Presidential Transition Update

November 14, 2016

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President-elect Trump’s key challenges in the next 10 weeks will be assembling his high-level cabinet, amassing his policy agenda for his first 100 days, and ensuring a smooth transition with existing Obama administration agency personnel via the deployment of agency review teams. Simultaneously, the incoming Trump administration will need to identify, vet and choose candidates for approximately 4,100 presidential appointment positions.

On the transition team, department heads have already submitted a roster of three names for cabinet positions, reflecting President-elect Trump’s public statements about whom he would like to see in his administration. Sources caution that these potential appointees are not unchangeable.

President Obama and President-elect Trump met at the White House on Nov. 10 to discuss the transition. President Obama said he was encouraged by his conversation with President-elect Trump, and called their meeting “excellent” and wide-ranging. President Obama said, “We talked about some [of the] organizational issues in setting up the White House. We talked about foreign policy. We talked about domestic policy. As I said last night, my number one in the next two months is to try to facilitate a transition that ensures our president-elect is successful.” For his part, President-elect Trump said he very much looks forward to dealing with Obama in the future, calling it a “great honor.”

Transition Team Announcements

Roughly 80 people have been working full-time on a Trump transition, a significantly smaller team than former presidential candidate Mitt Romney in 2012. The Trump campaign has, however, been routinely consulting numerous policy experts, including individuals who have served in previous Republican administrations.

On Friday afternoon, it was announced that Vice President-elect Mike Pence would be elevated to chairman of the presidential transition team, replacing New Jersey Gov. Chris Christie, who will now serve as a vice chairman. Dr. Ben Carson; New Jersey Gov. Chris Christie; former Speaker of the House Newt Gingrich; Lt. Gen. Michael Flynn, USA (Ret.); former New York City Mayor Rudy Giuliani; and U.S. Sen. Jeff Sessions will join the team’s Executive Committee as vice chairs.

The Presidential Transition Team Executive Committee was also announced on Nov. 11 and includes several congressional supporters and campaign advisors, including: Rep. Lou Barletta (R-PA); Rep. Marsha Blackburn (R-TN); Florida Attorney General Pam Bondi; Rep. Chris Collins (R-NY); Jared Kushner; Rep. Tom Marino (R-PA); Rebekah Mercer; Steven Mnuchin; Rep. Devin Nunes (R-CA); Anthony Scaramucci; Peter Thiel; Donald Trump Jr.; Eric Trump; Ivanka Trump; Republican National Committee Chairman Reince Priebus; and Trump campaign CEO Stephen K. Bannon.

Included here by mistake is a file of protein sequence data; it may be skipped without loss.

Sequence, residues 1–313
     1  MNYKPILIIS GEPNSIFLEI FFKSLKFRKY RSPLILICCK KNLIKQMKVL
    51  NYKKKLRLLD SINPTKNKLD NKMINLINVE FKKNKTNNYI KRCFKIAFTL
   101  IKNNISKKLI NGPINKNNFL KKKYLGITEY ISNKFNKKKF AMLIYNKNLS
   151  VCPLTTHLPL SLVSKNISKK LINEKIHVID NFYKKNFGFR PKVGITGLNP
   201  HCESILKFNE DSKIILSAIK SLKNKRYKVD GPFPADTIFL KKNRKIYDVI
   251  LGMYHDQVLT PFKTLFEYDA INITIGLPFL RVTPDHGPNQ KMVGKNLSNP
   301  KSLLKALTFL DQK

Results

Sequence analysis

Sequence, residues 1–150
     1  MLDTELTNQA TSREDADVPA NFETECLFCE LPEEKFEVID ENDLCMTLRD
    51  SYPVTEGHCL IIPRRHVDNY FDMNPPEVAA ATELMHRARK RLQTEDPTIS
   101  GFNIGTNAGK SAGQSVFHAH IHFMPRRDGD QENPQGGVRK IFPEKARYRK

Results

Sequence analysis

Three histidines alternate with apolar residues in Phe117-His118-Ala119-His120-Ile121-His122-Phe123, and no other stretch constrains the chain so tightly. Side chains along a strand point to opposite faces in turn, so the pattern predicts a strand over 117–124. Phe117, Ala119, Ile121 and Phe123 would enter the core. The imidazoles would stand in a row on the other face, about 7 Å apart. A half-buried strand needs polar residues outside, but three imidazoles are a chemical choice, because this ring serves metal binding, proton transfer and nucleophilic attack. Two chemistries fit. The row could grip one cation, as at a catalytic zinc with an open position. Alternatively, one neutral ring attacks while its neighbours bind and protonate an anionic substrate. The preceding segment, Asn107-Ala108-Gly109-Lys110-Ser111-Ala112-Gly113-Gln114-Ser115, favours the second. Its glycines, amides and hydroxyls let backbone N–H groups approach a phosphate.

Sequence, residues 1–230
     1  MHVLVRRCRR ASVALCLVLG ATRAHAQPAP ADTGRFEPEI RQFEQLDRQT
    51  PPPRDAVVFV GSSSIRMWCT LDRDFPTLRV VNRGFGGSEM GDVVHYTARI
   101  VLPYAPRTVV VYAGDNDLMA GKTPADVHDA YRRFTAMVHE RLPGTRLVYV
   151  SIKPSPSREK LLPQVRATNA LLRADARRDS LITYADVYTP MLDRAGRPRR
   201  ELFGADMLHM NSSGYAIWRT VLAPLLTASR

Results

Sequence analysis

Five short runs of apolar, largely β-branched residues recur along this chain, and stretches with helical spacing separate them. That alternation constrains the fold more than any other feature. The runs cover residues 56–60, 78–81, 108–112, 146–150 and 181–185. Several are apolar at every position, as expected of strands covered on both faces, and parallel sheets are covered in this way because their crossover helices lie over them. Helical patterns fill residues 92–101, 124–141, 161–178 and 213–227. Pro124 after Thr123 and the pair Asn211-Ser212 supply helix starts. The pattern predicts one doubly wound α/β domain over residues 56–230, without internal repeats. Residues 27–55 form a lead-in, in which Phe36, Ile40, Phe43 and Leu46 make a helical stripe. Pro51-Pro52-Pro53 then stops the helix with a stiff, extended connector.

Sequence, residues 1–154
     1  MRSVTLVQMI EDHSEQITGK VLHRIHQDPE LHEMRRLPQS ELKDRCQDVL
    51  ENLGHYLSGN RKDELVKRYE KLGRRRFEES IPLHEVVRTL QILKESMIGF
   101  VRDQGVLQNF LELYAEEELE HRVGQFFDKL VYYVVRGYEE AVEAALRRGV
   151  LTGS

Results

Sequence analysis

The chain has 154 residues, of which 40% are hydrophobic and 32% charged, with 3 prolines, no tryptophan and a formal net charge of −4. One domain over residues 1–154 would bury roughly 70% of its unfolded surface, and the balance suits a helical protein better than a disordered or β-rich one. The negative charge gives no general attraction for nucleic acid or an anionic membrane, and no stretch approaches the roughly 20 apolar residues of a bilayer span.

On Nov. 9, an internal transition team organization chart was leaked to the press delineating names and structure for the agency action teams.

Rumored Personnel Appointments

On Sunday evening, President-elect Donald J. Trump announced that Trump for President CEO Stephen Bannon will serve as chief strategist and senior counselor to the president, and Republican National Committee Chairman Reince Priebus will serve as White House chief of staff.

Other rumored personnel appointments include the following:

Secretary of State

  • Newt Gingrich, former Speaker of the House of Representatives
  • Sen. Bob Corker (R-TN), current chairman of the Senate Foreign Relations Committee
  • John Bolton, former U.S. ambassador to the United Nations during George W. Bush administration

Secretary of Interior

  • Forrest Lucas,  co-founder of Lucas Oil
  • Robert Grady, venture capitalist, former George H.W. Bush White House official
  • Oklahoma Gov. Mary Fallin
  • Donald Trump Jr., son
  • Sarah Palin, former governor (R-AK)

Secretary of the Treasury

  • Steven Mnuchin, chairman of Dune Capital Management, former Goldman Sachs executive and campaign donor
  • Rep. Jeb Hensarling (R-TX), House Financial Services Committee chairman

Secretary of Defense

  • Sen. Jeff Sessions (R-AL)
  • Stephen Hadley, former national security advisor during President George W. Bush administration
  • Jim Talent, former senator (R-MO)
  • Retired Lt. Gen. Mike Flynn, former director of the Defense Intelligence Agency, pending Congressional waiver
  • Rep. Duncan Hunter (R-CA), an early Trump endorser

White House Press Secretary

  • Kellyanne Conway, Trump campaign manager